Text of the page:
The book ended on this optimistic note: “The outlook for Wiss-labeled goods at the threshold of a second century is bright. So long as free enterprise survives in a world of free people, J. Wiss & Sons Co. expects to continue to make the finest quality shears and scissors and sell them all over the world “. Alas, Wiss was only to last another twenty eight years .
Cooper Industries purchased the company on December 1, 1976. After the purchase, the factory remained in Newark until the Spring of 1978 when most operations were moved south. The forge stayed in Newark a while longer. Eventually, the manufacturing was moved overseas. Only the name survives completely shorn from its roots. For more information on J. Wiss and Sons visit the website of Don Wiss- jwissandsons.com.
T.P. Howell and Company, founded by Theodore Pike Howell, was located at the intersection of Wilsey and New Streets in Newark, NJ. The company manufactured patent and enameled leather. the company success was due in no small part to their willingness to embrace the latest technologies in the making of their product. In time they became one of the largest operations of its kind in the world. Their products were exported to Europe, and even parts of South America and the West Indies.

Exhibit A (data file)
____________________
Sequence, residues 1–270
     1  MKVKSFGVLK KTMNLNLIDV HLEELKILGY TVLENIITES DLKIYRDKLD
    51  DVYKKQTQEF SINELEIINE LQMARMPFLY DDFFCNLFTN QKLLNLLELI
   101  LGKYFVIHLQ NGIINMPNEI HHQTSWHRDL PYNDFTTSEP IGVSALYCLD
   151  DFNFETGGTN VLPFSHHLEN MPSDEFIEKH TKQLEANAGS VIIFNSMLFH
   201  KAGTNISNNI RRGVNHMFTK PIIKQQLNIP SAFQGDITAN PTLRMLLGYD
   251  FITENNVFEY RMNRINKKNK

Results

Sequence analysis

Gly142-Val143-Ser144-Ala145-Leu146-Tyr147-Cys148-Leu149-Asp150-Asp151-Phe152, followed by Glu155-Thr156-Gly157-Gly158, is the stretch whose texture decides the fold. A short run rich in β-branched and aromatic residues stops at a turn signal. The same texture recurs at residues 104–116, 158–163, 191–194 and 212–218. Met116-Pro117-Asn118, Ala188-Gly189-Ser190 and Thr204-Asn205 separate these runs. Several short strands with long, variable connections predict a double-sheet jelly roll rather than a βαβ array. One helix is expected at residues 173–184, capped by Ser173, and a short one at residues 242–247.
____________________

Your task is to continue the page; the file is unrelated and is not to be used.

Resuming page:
In addition to his success in the leather manufacturing business, Howell was active in many other Newark businesses, including memberships on the boards of the Mutual Benfit Life Insurance Company and the Howard Savings Bank. In 1856, he was the unsuccessful candidate for Mayor of Newark, New Jersey, for the then newly formed Republican party. He was also a trustee of the Park Presbyterian Church in Newark, NJ.
4 thoughts on “J. Wiss & Sons 1848-1976”
Nice receipt. I’ve never seen one so old. It appears to have Jacob’s signature. Could I get a 300 dpi scan for my jwissandsons.com website?
My father worked at Wiss for 50 years. He loved it there. He retired in 1977 I think.
I have recently come across a Wiss piece dating from 1949. Are there any records available I could search to see who purchased the piece? Thank you.
Hi, my name is Sandy and I own a sharpening business. I have come across different odd screws that I cannot for the life of me loosen and/or remove to adjust the shear tension.
One in particular, is the wiss fabric pinking shear. I can not find hardly anything on the internet about the name of this screw, the name of the tool to loosen and/or remove it etc… The closest I have come is a torque wrench/spanner wrench. However, the smallest one I can find is 1/2 inch; which I ordered and is WAY TOO big for this little unnamed screw.
Last resort is to call around to some shear manufacturing companies that hopefully can help me identify these interesting, frustrating little screws as well as tell me where I can purchase spare parts, accessories, repair kits and tools that will loosen and/or remove these weird little screws.
Please help. Thank you kindly for any feedback that you can be so kind as to share with us; as sharpening is only part of our job… without being able to repair/adjust the alignment/tension of these shears, the sharpness is futile.